Configuring Distributed Tracing (DT) will enable you to obtain a visualization of the call paths that take place in order to process a request made to Hydra. It's yet another tool that you can use to aid you in profiling, debugging and ultimately understanding your deployment of Hydra better. Hydra supports the following tracing options:
- Tracing backend(s): Jaeger, Elastic APM, Datadog, Zipkin and Instana - Note: adding support for other opentracing compliant backends is planned. To aid in priority, please create an issue with your feature request.
- Following existing traces: If you have deployed Hydra behind a proxy that has initiated a trace, Hydra will attempt to join that trace by examining the request headers for tracing context.
What an Ory Hydra trace includes
In DT speak, a trace is comprised of one or more spans which are logical units of work. Each Hydra span is encapsulated with the following state:
- A name
- A start time
- A finish time
- A set of zero or more tags
Ory Hydra creates the following spans:
- Top level span (named after the request path) for the requested endpoint. Span tags: - http method - http status code - error IFF status code >= 400
- Child span will be created if bcrypt (e.g. when the token endpoint is called) is called. Span tags: - bcrypt work factor
- All SQL database interactions. Spans/tags will vary depending on the database driver used.
This is still evolving and subject to change as tracing support continues to expand in Hydra. If you see something that's missing/wrong, please create an issue.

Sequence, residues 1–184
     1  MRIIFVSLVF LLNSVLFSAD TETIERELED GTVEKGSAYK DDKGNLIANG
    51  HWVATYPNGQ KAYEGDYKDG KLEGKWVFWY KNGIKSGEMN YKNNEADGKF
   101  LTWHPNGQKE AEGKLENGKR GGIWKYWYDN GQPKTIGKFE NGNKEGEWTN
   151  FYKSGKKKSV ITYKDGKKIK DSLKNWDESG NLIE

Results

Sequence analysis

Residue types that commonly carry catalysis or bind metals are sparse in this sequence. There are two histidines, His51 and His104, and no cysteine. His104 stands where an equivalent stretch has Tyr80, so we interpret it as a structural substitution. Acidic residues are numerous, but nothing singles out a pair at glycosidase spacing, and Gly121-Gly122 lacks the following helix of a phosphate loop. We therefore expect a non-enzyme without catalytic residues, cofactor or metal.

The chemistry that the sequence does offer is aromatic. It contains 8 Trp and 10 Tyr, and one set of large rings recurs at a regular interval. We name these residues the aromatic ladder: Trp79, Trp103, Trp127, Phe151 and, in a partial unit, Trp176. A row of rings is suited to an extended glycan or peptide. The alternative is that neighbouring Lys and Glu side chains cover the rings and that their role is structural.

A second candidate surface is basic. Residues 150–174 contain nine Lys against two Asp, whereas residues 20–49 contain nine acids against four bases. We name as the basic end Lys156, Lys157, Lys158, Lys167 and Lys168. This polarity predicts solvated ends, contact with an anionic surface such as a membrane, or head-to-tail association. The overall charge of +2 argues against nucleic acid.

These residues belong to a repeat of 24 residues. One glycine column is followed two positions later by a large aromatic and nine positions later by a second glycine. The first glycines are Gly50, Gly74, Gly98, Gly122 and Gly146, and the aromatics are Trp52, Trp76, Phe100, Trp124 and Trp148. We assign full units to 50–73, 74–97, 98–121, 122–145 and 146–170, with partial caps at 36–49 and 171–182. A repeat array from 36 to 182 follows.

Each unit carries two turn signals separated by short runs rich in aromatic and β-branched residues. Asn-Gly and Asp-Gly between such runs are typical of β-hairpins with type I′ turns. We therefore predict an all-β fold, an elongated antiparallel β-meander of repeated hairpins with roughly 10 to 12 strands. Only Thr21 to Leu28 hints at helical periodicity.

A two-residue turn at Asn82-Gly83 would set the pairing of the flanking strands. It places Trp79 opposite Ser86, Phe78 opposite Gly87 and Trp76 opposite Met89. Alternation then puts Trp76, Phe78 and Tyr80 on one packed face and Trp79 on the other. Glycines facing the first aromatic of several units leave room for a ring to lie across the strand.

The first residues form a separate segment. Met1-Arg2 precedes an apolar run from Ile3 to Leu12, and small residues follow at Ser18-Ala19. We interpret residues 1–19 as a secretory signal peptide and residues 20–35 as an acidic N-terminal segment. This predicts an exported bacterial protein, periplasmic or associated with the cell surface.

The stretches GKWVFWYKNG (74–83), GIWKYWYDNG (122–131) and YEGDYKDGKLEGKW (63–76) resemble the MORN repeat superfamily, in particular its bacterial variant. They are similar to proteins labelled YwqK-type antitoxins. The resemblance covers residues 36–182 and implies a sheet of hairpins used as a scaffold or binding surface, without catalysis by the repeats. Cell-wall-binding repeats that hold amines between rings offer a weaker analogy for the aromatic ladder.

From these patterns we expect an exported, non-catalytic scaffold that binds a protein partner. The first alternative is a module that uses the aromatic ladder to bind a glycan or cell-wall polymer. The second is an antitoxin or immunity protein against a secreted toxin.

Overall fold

Alright, how can I set this up locally?
The provided docker-compose file in the project repository has tracing configuration which you can use to play around with - just uncomment the desired tracing provider. We will use Jaeger as an example.
docker-compose -f quickstart.yml \
-f quickstart-tracing.yml \
Grab a coffee or stretch while you wait for everything to come up. You will then be able to navigate to the Jaeger UI which you
have exposed on port
16686 at http://localhost:16686/search. You can now start making requests to Hydra and inspect traces!
As an example, here is a trace created by making a bad request to the
POST /clients endpoint:
At a glance, you are able to see that:
- The request failed
- The request took ~80ms
- It resulted in a 409
- The hash comparison to validate the client's credentials took a whopping 70ms. Bcrypt is expensive!
- The various database operations performed
Note: in order to see spans around database interactions, you must be using a SQL backend (i.e. MySQL or Postgres).
The CLI will provide you with the list of Hydra tracing configurations and their supported values. Simply run:
docker exec -it hydra_hydra_1 hydra serve --help
And read the section on